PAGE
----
Like all nightmare scenarios, this one starts off with nothing out of the ordinary. You’ve done your level best to get good tenants in your rental property. The house is in perfect condition. Rent is a little below market. You have a comprehensive screening process.
In other words, you have the best house in the neighborhood with the best tenants occupying it. They pay rent on time and let you know immediately when something goes wrong. Other than the occasional routine repair, the house requires almost none of your attention. At the same time, you get your steady, predictable stream of income.
Then you get the call. It’s the police, and they’re at your rental house. As it turns out, the tenants had turned it into a drug grow house.
This might sound outlandish, but it actually happened to an investor friend of ours. He owned a house in a very nice Houston neighborhood. The tenants, who had clean backgrounds and perfect rental histories, rented the house 10 months prior and had zero problems in that time. So when the Houston Police Department called him, he was naturally shocked. Worse, they wouldn’t release any information over the phone, so he had to drive all the way from his son’s college to the house before learning what happened.
The tenants had converted the interior of the beautiful, 2800 square-foot house on the north side of Houston into a greenhouse. The house is well insulated, so the heat load was almost undetectable. To power the custom air conditioning and arborist-grade lighting, the tenants tapped directly into the electrical grid and bypassed the meter. Not even the power company noticed their excessive electricity usage.
How much damage can such an operation cause? Consider the flooring, which the tenants destroyed with water-storing gel beads used in potting soil. The excessive moisture eroded interior finishes. The tenants destroyed sheet rock as they created rooms within rooms. Rewiring the electric system is no small chore.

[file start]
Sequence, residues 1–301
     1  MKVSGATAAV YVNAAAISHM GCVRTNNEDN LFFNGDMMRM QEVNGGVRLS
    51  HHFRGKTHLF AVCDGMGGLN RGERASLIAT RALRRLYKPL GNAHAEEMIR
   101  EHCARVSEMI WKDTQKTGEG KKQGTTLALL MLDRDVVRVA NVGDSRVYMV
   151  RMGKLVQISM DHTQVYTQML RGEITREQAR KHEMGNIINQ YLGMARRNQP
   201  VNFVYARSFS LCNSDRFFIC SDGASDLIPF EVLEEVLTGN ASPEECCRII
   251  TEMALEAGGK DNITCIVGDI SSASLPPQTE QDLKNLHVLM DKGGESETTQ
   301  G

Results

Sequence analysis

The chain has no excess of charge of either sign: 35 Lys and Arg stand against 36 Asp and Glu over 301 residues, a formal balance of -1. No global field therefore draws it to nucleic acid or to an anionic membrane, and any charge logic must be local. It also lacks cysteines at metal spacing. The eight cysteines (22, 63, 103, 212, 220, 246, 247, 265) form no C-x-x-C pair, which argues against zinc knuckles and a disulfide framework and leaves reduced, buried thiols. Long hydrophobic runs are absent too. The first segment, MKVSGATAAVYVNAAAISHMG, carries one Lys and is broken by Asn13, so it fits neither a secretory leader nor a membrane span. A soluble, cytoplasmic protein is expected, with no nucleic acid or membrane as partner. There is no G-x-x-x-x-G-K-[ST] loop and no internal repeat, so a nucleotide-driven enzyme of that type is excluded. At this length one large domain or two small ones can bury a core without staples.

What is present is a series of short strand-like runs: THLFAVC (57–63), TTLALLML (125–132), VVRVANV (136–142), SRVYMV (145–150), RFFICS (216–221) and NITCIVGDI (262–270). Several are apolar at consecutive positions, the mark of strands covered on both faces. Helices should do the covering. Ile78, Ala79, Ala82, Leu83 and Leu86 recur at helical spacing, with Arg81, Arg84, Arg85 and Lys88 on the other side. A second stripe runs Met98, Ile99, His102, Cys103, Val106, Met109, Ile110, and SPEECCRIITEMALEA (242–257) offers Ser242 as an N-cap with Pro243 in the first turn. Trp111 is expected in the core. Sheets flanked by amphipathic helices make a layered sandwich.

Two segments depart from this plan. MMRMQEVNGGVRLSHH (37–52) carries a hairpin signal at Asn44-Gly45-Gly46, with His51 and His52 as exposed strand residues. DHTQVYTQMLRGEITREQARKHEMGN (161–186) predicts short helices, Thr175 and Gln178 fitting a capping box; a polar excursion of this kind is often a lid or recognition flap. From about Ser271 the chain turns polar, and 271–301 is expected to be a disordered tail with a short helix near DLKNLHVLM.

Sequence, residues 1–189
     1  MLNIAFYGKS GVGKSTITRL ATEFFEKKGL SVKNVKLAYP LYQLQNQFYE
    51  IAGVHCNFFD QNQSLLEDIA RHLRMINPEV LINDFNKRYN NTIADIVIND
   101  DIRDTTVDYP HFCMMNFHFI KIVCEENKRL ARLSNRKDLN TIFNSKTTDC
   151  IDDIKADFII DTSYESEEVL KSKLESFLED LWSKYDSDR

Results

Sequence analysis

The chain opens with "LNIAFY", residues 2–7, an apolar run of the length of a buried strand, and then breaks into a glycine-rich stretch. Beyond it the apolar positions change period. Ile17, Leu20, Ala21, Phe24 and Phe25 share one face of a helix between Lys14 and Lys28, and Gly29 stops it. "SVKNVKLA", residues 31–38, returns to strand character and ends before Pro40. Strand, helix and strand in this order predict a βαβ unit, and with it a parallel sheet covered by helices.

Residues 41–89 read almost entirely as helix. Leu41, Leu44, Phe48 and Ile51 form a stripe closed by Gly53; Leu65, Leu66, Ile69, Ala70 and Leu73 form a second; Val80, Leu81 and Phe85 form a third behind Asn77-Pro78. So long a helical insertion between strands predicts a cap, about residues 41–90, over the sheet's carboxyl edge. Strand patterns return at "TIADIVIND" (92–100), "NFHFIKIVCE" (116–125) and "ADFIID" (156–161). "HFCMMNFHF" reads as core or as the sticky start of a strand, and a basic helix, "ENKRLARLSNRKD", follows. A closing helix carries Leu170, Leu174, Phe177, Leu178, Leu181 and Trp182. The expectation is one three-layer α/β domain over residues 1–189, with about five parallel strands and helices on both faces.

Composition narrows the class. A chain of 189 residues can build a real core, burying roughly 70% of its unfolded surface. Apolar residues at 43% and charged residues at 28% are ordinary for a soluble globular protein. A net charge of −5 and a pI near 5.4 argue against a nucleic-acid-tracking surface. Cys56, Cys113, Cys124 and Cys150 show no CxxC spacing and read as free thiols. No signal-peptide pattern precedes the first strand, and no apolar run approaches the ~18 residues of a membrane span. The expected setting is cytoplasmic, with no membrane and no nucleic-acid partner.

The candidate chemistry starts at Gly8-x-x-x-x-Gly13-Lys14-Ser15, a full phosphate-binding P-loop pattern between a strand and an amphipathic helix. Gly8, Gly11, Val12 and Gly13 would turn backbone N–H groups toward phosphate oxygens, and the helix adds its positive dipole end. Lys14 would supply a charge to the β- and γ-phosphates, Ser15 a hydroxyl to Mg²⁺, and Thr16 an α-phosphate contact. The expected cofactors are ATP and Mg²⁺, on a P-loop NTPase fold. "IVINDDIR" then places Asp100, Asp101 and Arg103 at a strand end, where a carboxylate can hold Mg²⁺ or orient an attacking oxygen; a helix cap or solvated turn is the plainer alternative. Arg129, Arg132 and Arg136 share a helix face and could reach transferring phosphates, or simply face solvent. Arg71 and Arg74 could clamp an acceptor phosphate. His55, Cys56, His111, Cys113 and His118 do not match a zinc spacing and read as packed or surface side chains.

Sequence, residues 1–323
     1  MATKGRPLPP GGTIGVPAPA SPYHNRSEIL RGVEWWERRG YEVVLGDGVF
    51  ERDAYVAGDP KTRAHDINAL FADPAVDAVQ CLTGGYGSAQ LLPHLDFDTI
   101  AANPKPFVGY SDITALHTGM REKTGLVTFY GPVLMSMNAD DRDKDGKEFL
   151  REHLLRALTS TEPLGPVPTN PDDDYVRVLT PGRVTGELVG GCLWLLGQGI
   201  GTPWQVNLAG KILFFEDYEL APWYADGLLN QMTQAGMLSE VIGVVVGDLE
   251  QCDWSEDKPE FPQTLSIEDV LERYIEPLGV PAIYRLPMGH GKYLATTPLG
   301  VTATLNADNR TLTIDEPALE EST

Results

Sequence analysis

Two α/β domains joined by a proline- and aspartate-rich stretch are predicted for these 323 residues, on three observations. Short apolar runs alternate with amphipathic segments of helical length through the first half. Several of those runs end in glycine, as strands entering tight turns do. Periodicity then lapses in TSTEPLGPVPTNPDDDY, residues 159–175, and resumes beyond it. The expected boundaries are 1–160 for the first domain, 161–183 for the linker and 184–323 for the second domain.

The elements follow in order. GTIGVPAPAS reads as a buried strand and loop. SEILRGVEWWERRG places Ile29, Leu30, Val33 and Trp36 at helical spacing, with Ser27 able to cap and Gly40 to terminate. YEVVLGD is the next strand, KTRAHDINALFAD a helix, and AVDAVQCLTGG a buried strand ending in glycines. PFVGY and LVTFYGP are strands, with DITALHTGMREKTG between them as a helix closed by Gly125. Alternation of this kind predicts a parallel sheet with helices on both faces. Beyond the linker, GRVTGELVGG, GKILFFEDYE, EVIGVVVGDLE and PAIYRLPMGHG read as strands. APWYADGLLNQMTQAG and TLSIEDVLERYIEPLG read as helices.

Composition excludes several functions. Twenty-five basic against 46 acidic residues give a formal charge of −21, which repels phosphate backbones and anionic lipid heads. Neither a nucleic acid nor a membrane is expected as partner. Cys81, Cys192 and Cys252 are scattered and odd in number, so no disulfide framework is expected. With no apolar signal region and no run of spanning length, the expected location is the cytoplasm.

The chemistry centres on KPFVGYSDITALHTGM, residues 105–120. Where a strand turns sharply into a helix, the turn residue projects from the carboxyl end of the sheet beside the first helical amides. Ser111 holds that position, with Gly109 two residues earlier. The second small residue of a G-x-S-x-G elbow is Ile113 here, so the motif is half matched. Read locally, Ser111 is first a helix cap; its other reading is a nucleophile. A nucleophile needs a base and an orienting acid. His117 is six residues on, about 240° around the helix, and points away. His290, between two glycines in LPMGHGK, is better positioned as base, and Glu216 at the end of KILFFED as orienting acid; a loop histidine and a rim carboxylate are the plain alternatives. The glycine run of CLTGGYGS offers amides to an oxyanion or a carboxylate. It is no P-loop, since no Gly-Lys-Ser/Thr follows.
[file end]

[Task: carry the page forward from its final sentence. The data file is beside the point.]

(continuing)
In total, the damage bill was nearly $35,000!
Now put yourself in this investor’s shoes. What do you do? Here are his options.
Fix the house
At $35,000, the damage bill already seems excessive. But that’s not the only cost the investor incurs. He loses months worth of rent, since no one can live in the house during repairs. Chances are he’ll need to get it inspected again. How long will that take? Even if it’s three months – probably a liberal estimate – that’s plenty more money out of the investor’s pocket.
Let’s say the investor rented the house for $1,500 per month, and that he spends $500 per month on insurance, HOA, and taxes. That brings the total bill to $38,000 in the best-case scenario. At his $1,000 per month profit, it would take him more than three years to break even from this incident.
Even worse: this investor has to be seriously well off in order to pay the $35,000 damage bill out of pocket. Chances are he’ll have to take out a loan of some sort. Add the interest to the total bill. That extends his timeline to break even.
Selling the house starts to seem a bit more palatable.
Sell the house
After such an incident, our investor friend might want to cut his losses and sell. But he can’t sell through traditional real estate channels. The house is in such poor condition that it would never qualify for a loan. And who would even put in a respectable bid?
He could, on the other hand, cash out with a home buying company such as HoustonHouseBuyers.com. We would walk through his property, assess the damage, and make him an all-cash offer. He can then weigh his options. Is it better to put all that money into the house, only to get back to even in three years? Or is he better off taking the cash and investing in something else?
Keep in mind, the cash offer might not seem all that bad. We make repairs at scale, so we can get the job done for less than the $35,000 he’d pay. If our investor friend doesn’t want to spend all that time just to get back to even, he very well might consider cashing out right now.
Stories like this illustrate exactly how everyone benefits with our cash-offer model. Our investor friend gets to walk way from this enormous headache. A contractor gets a new (and in this case, pretty interesting) job. A real estate agent gets to list and sell the house. HoustonHouseBuyers.com and our investors make a profit. It can work, even when someone has been growing hundreds of pounds of marijuana in your house.